Republicans and Democrats have been able to compromise on very few issues in Washington DC in the last few years. The last few bouts of government shutdowns, or near shutdowns, have been particularly frustrating, as they show brinksmanship and last-minute forced cooperation at best, but with real costs to economic consistency and confidence in our governmental processes.
So, the proposed deal to put off debt ceiling challenges until we have a new President in 2017 is highly flawed, from both sides’ perspectives, but also good enough to make each side at least somewhat satisfied. Pretty much the definition of a reasonable compromise.
Politically, the sense was that the last few debt ceiling standoffs did not play well for the Republicans. At the same time, President Obama and the Democrats clearly didn’t relish these episodes, either, as they opened questions about American governance, even if their party might have gained some minor political points.
From the Republicans perspective, while the standoffs cost them politically, some believed it was the right stand to make, in terms of capping the federal debt and forcing present and future budget costs. The compromise, negotiated by outgoing John Boehner, allows new Speaker Paul Ryan to start with a fresh slate.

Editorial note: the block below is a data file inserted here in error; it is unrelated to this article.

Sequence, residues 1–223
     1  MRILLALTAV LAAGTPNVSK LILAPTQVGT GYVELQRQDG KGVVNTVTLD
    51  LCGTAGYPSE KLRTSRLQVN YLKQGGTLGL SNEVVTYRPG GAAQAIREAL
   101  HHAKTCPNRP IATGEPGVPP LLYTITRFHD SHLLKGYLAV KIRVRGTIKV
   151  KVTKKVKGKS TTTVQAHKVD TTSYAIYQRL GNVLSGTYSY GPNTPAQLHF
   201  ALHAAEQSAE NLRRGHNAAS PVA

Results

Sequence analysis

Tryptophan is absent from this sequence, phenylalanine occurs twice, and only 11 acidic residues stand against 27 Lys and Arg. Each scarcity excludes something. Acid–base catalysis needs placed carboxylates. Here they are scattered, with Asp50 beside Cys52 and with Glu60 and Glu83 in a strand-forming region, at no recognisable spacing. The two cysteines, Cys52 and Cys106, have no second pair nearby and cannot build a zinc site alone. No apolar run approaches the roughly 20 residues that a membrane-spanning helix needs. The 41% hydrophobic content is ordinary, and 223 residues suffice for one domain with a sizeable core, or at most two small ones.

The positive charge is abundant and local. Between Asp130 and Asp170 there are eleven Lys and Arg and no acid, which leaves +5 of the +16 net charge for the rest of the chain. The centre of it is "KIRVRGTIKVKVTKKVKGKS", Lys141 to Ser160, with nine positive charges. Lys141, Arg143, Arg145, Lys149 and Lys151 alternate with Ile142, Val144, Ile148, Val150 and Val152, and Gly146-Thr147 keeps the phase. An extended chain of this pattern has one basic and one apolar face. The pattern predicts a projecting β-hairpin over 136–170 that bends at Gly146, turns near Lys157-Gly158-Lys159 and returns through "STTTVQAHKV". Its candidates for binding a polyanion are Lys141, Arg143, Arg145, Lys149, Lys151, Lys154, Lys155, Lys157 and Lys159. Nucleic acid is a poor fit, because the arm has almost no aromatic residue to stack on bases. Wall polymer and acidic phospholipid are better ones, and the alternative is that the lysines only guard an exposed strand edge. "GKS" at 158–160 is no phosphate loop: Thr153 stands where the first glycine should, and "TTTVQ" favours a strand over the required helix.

From the Democrats perspective, they did not want a ceiling at all, which they viewed as artificial, since Congress had already approved all of the spending that would then exceed an arbitrary limit. But, this compromise takes a shutdown off the table through President Obama’s term in office.
The sequester process came out of prior standoffs, and was hoped to be so odious to both sides, that a better compromise would emerge. One really never did, so the sequester cuts mostly kicked in, and now both sides basically agreed to kick the can down the road for 18 months. The relatively minor changes in military and Social Security disability spending greased the wheels of compromise.